Remaking the Bed

Clean lines, architectural details and unconventional fabrics can make what you sleep on dynamic and dramatic.

Focus On Furnishings

February 06, 2005|By Elaine Markoutsas | Elaine Markoutsas,Universal Press Syndicate

Dress the bed as you will; the big news in design is the frame. Simple ge-ometry rules the hippest modern bed styles today.

As simplifying our lives and decluttering our homes continue to be the mantra of the decade, it is no surprise that more of us are seeking a pared-down place to occupy one-third of our time.

The "wenge" (pronounced WEN-gay) look of espresso-black furniture that has been so popular in the living room has settled into the bedroom. The naturally dark African wood adds the same kind of elegance as a classic black dress or suit. Clean lines draw the eye, and details are held to a minimum -- noticeable, but subtle.

Architectural elements punctuate head and footboards, attracting attention without distracting. On upholstered beds, fabrics as minimal as natural-hued linen and skin-taut kid leather or kicky as a bold stripe look so much more fresh than traditional floral patterns with matching draperies.

Even four-posters and cano-pies are finding that less is more, the better to appreciate their graphic form. And then there's the return of the platform bed. The low-to-the-ground style has reached new heights of fashion, nothing like the crude dorm-room versions of slabs on cinder blocks, '70s plywood or carpeted low-rises that suited loft living.

Modern trends

Today's platform beds are more akin to stylish modern frames the Italians have been doing beautifully since the 1980s. In wood finishes, leather or upholstery, these beds sometimes have reading lights, built-in night tables or storage drawers tucked beneath. One of Pulaski Furniture's newest beds features shelving built into the tall headboard and panel footboard.

A couple of manufacturers even feature a mattress-lifting mechanism that reveals storage the full size of the bed. And no box springs are required.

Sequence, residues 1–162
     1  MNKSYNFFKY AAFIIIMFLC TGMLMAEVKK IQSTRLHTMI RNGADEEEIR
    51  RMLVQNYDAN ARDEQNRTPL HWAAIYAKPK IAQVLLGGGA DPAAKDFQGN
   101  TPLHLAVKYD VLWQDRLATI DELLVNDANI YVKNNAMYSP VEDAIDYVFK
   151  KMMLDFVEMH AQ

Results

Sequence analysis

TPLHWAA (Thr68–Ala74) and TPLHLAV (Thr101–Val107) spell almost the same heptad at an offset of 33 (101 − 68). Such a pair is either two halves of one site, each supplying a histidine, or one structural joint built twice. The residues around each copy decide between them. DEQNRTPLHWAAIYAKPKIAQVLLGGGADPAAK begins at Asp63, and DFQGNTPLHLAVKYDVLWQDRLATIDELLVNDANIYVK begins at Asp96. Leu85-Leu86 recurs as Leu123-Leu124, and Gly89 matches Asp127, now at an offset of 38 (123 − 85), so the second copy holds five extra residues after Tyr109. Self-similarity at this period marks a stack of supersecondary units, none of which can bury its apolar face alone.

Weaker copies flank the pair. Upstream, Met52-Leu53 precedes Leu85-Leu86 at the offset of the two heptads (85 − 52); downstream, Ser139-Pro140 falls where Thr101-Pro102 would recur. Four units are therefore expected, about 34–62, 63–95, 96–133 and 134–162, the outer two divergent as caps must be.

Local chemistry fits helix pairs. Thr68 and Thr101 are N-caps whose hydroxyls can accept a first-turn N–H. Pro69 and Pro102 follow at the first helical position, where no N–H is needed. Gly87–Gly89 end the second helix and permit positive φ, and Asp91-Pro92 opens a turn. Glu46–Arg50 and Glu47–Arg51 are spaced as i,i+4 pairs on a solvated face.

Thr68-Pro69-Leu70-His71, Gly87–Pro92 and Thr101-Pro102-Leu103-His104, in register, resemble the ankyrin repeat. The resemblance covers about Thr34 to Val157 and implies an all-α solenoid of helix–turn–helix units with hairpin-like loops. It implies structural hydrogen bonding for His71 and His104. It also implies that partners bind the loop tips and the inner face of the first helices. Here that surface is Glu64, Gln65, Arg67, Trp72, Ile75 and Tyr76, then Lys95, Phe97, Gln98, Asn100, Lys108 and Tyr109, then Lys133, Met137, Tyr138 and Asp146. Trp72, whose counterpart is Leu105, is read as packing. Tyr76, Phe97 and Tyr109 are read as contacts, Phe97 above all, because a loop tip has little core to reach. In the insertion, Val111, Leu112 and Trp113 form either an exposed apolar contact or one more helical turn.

In fact, that's another trend. Many of the new bed designs are good to go with only a mattress. This downsizing also contributes to a more spare profile. And it apparently is a look that is becoming more transitional, palatable to those who are not entirely comfortable with no-frills modernist interiors.

For those who still yearn for tradition, there are French, Italian and English country looks, baroque models and 18th-century-style beds crafted from elegant veneers embellished with exquisite carvings. But a growing audience is embracing serenity as the new romanticism. Just add candles and crisp white linens for mood.

British designer Kelly Hoppen's version of good nights, for example, is a contemporary headboard constructed of wood with a black finish and striped horizontally with a rectangular ivory fabric inset. Shown in a white room, framed by white curtains and dressed with white linens, with the bedcover and shams quilted with abstract circles, the black-and-white contrast is compelling.

Just the proper balance of light to dark in the headboard is matched by the room's equilibrium. To the side of the bed is a dark wood nightstand topped by a white lamp with a sculptural base, its round spheres echoing the circles on the bedding. At the foot is a dark bench topped with three (odd numbers always work best) chunky candles -- again, their round shapes a ditto to the other elements.

Sometimes, opposing elements create a paradoxical tension. Take the Italian manufacturer mobileffe's Ross bed, for example. Its low-slung platform seems to rest on feet too petite for its wide girth. Nearly ground-hugging side tables extend like arms from its sides. The frame is dark wood, but what an impact the bed makes with its red wool-upholstered headboard. White linens peek out of a red blanket, and the effect is sizzling.

Stained-glass look

A medium of red glass and steel lends a fiery kinetic aura to a bed designed by architect Andrew Ramsgard for Xander Blue. Head and footboard consist of panels created with squares of stained glass suspended in steel frames, like a see-through patchwork.

"It's an odd mix," Ramsgard acknowledges. "One of my clients described it as 'biblical contemporary' because it blends the old with the new. It's very different from anything out there."

Ramsgard, who displayed the piece at the International Contemporary Furniture Fair in New York last May, says the stained-glass bed appeals because of its warmth.

"The downfall of modern contemporary furniture is that it's cold," he says. "Everybody can have the same cell phone or furniture anywhere in the world. That's what the Industrial Age did. But with such mass production, what was lost was the personal aspect of the handmade connection of one human being to another."

What's almost magical about the glass bed is its translucence, which transforms the space as light flows through it at different times of day.

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